Fire sprinkler systems can fail in three functional ways. An inadvertent discharge can
occur if a system discharges water through the sprinklers when no fire is present. A fire sprinkler system can also leak water from a pipe, fitting, or head. The third way a fire sprinkler system can fail is when it does not deliver water to the sprinkler heads in the manner it was designed in the presence of a fire, and therefore does not control the fire.
Inadvertent sprinkler head activations are rare. They can occur when a fire sprinkler head is mechanically impacted, when the head becomes too hot, or if the fusible link in a system becomes damaged. Inadvertent fire sprinkler head activations typically occur to only one head at a time, limiting the total water discharged, which will often limit the damages. However, for sprinkler heads protecting high value areas, even the discharge from one sprinkler head can cause a large monetary loss.
Piping Leaks & Breaks
Fire protection piping systems are subject to pipe leaks and breaks just like any other piping system. However, sprinkler installation standards, such as NFPA 13, address this hazard by requiring protections and support of the piping. Maintenance standards, such as NFPA 25:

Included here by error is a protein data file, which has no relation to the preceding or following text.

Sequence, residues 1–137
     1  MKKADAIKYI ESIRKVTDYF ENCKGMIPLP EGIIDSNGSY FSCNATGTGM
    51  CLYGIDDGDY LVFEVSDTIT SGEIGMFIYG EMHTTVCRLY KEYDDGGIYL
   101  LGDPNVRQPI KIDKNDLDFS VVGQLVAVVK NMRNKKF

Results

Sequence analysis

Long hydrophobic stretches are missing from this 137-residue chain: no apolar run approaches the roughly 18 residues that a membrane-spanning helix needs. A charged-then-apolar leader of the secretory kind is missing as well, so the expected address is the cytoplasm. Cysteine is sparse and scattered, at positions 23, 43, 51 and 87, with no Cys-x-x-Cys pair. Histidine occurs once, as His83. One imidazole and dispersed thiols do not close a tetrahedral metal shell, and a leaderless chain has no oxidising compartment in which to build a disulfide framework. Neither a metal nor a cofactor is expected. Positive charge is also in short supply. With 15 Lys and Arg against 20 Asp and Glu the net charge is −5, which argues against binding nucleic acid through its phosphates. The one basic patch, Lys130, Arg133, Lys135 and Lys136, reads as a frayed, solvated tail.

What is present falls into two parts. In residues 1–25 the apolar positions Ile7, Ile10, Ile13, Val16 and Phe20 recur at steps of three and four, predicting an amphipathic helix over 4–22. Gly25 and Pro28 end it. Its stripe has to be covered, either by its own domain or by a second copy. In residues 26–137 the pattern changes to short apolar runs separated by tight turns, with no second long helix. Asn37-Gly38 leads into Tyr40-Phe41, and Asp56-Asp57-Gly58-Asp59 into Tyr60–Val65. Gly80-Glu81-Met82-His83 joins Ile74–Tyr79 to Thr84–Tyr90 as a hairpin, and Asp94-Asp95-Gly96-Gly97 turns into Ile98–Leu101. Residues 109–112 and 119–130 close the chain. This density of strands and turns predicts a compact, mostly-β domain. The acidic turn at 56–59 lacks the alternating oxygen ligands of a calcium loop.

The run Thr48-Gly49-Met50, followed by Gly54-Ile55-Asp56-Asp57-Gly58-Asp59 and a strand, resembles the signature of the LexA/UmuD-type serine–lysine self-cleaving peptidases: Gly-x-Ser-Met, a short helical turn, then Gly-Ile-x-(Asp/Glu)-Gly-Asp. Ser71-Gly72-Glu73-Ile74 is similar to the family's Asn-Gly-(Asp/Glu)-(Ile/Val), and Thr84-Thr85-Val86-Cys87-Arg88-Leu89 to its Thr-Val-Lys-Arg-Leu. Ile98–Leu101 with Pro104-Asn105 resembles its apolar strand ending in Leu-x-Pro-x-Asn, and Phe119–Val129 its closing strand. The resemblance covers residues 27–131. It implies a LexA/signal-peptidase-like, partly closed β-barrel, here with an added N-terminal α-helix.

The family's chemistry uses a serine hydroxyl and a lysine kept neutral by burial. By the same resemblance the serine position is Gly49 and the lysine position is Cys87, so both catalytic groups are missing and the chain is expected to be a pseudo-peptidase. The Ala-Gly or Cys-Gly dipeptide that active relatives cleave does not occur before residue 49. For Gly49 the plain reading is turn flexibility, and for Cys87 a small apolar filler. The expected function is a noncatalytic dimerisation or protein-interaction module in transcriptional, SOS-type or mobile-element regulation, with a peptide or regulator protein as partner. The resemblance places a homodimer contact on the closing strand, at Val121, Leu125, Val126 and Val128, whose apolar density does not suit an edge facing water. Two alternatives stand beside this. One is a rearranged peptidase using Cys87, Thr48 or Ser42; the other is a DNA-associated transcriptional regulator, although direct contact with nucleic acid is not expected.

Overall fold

Standard for Inspection, Testing, and Maintenance of Water-based Fire Protection Systems require that these hangars be inspected routinely. None-the-less, leaks and breaks can still occur. One of the most common modes for leaks and breaks in sprinkler piping is freezing of water within the piping, expanding, and cracking or breaking the pipe. As such, it is imperative that wet pipe systems not be installed in unheated areas, and that such heat be maintained throughout cold weather. In the event a dry pipe system is installed, it must be properly installed and completely drained of water before the onset of freezing conditions.
Non-operation of Sprinkler System
Fire sprinkler systems are designed to detect a fire and then discharge water onto the fire to control it. If no water, or insufficient water, discharges from the sprinkler heads, the fire may continue to grow and cause further damage. There are numerous ways in which a fire sprinkler system can fail to operate effectively, including an obstruction in the piping, a closed valve in the water supply piping, or insufficient pressure from the water supply, among others. One primary purpose of the Inspection, Testing, and Maintenance standard for sprinkler systems (NFPA 25) is to inspect for, and correct, conditions which might result in non-operation on a regular basis.